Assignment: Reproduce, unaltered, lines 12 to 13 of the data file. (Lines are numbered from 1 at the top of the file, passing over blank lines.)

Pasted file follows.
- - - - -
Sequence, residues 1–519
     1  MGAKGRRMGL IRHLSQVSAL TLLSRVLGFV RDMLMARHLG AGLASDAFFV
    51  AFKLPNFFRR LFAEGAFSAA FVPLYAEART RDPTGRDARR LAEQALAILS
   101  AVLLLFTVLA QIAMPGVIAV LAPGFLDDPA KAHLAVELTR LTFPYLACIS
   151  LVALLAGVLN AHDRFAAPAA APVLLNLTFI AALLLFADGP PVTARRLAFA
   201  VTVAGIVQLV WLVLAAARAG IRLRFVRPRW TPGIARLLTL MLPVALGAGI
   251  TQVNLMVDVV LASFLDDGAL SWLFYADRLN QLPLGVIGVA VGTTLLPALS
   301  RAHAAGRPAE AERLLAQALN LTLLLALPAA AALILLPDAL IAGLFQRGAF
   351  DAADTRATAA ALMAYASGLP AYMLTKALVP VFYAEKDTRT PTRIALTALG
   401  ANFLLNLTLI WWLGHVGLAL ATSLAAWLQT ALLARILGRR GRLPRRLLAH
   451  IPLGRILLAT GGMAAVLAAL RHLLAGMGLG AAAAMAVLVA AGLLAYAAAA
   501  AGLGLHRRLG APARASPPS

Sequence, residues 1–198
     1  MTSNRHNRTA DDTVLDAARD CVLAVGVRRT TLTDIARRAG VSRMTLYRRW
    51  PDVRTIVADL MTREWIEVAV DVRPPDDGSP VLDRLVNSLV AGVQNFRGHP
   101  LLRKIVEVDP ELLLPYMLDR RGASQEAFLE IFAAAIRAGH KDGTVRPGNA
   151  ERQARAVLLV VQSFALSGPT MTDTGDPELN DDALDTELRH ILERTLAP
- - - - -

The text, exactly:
   501  AGLGLHRRLG APARASPPS

Sequence, residues 1–198